By the Fourier transform properties, things that are narrow in one domain is spread out in the other. That said, you can explicitly search for sequences to optimize their autocorrelation properties.
> > My second question is, does anyone know of an online resource of large > sequences with good merit factors? (I found one awhile back, but can't seem > to find it now)
Try searching for "Barker sequences".
> > Thanks, > Thomas
> > Try searching for "Barker sequences". >
The longest known Barker Code has a length of 13, I need lengths three of four magnitudes greater than that. Thomas
On Aug 21, 6:15 pm, "Thomas Magma" <somewh...@overtherainbow.com>
wrote:
> > Try searching for "Barker sequences". > > The longest known Barker Code has a length of 13, I need lengths three of > four magnitudes greater than that. > > Thomas
So do a search for other sequences. Barker sequences are defined by its optimality. There is debate about whether a Barker sequence exists for really large lengths, so you know your limits! This is a problem that only has to be done once, so it's worth keeping your computer humming for a while, depending on your constraints. Julius
> This is a problem that only has to be done once, so it's worth > keeping your computer humming for a while, depending on > your constraints. >
I think it might blow the budget of my project if I were to rent a super computer to run for 5 or 10 years to do what you suggested. However if I did discover a large Barker sequence, I would probably forget about my project and sprint down to the closest patent office. How long would it take your computer to iterate through all the possible combinations of 2^65536 determining the merit factor of each? Thomas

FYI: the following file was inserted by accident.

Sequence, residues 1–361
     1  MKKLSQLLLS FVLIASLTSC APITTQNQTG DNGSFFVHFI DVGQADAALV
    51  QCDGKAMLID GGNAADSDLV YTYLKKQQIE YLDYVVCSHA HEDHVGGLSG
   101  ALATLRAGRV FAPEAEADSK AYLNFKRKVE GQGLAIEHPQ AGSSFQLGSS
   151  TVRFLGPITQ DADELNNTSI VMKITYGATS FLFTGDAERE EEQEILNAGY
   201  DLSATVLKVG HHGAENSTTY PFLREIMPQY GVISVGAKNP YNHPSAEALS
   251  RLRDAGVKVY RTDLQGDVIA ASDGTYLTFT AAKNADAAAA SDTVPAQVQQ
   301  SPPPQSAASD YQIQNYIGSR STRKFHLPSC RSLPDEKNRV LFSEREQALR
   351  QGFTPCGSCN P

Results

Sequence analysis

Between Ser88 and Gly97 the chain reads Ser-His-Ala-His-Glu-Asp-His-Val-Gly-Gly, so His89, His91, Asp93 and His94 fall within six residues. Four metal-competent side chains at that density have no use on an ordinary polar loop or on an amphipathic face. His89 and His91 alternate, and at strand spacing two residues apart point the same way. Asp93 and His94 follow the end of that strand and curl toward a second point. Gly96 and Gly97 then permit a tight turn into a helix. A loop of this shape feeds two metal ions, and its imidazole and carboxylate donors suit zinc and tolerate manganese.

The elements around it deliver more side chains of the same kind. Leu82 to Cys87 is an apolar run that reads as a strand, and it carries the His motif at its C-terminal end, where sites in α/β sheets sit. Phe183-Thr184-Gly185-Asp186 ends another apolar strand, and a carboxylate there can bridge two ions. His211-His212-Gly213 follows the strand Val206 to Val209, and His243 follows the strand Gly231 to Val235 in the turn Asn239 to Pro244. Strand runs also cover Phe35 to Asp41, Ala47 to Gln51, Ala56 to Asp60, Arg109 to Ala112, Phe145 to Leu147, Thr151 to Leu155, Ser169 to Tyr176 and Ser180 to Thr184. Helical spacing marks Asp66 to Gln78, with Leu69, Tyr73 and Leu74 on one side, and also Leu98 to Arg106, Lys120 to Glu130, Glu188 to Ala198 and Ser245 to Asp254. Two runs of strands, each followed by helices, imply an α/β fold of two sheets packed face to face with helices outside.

On Aug 20, 1:25 pm, "Thomas Magma" <somewh...@overtherainbow.com>
wrote:
> Hello, > > I'm looking for a spreading code that I can output from a microcontroller > (PIC). The sequence must have low autocorrelation with a good merit facto=
r=2E
> It should be a long sequence of between 4000 and 20000 and does not have =
to
> be done with a LFSR (shift register) since I have lots of code space left > and I can just hard code it into memory. Therefore it does not have to be=
a
> 2^N value. > ............... >=2E.................. > My second question is, does anyone know of an online resource of large > sequences with good merit factors? (I found one awhile back, but can't se=
em
> to find it now)
A Legendre sequence rotated by one-fourth of the period has a merit factor of about 6 (asymptotically). This is about the best result known for specifically constructible sequences, though there has been some work on adding a few bits at the end of the Legendre sequence (like a cyclic extension in other contexts) to improve the merit factor to somewhat more than 6. T=2E H=F8holdt and H.E. Jensen. Determination of the merit factor of Legendre sequences. IEEE Trans. Inform. Theory, 34:161-164, 1988. J=2E Jedwab. A survey of the merit factor problem for binary sequences. In T. Helleseth et al., editors, Sequences and Their Applications - Proceedings of SETA 2004, vol- ume 3486 of Lecture Notes in Computer Science, pages 30-55. Springer- Verlag, Berlin Heidelberg, 2005. Hope this helps.